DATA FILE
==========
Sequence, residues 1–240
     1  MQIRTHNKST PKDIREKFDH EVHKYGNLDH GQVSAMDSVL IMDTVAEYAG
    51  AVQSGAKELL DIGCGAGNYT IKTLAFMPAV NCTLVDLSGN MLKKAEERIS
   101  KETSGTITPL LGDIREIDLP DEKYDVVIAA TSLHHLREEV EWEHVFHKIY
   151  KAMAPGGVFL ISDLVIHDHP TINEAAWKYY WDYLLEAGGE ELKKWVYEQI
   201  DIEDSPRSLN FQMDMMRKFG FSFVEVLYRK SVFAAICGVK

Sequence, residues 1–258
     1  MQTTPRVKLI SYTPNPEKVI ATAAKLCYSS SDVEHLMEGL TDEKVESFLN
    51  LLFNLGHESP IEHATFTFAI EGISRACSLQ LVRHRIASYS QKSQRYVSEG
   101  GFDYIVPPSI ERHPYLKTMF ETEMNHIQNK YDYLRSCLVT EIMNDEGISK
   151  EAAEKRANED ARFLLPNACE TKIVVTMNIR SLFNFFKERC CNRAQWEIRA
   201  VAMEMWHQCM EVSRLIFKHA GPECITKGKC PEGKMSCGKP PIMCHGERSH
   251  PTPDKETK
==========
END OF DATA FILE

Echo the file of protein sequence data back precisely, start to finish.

Sequence, residues 1–240
     1  MQIRTHNKST PKDIREKFDH EVHKYGNLDH GQVSAMDSVL IMDTVAEYAG
    51  AVQSGAKELL DIGCGAGNYT IKTLAFMPAV NCTLVDLSGN MLKKAEERIS
   101  KETSGTITPL LGDIREIDLP DEKYDVVIAA TSLHHLREEV EWEHVFHKIY
   151  KAMAPGGVFL ISDLVIHDHP TINEAAWKYY WDYLLEAGGE ELKKWVYEQI
   201  DIEDSPRSLN FQMDMMRKFG FSFVEVLYRK SVFAAICGVK

Sequence, residues 1–258
     1  MQTTPRVKLI SYTPNPEKVI ATAAKLCYSS SDVEHLMEGL TDEKVESFLN
    51  LLFNLGHESP IEHATFTFAI EGISRACSLQ LVRHRIASYS QKSQRYVSEG
   101  GFDYIVPPSI ERHPYLKTMF ETEMNHIQNK YDYLRSCLVT EIMNDEGISK
   151  EAAEKRANED ARFLLPNACE TKIVVTMNIR SLFNFFKERC CNRAQWEIRA
   201  VAMEMWHQCM EVSRLIFKHA GPECITKGKC PEGKMSCGKP PIMCHGERSH
   251  PTPDKETK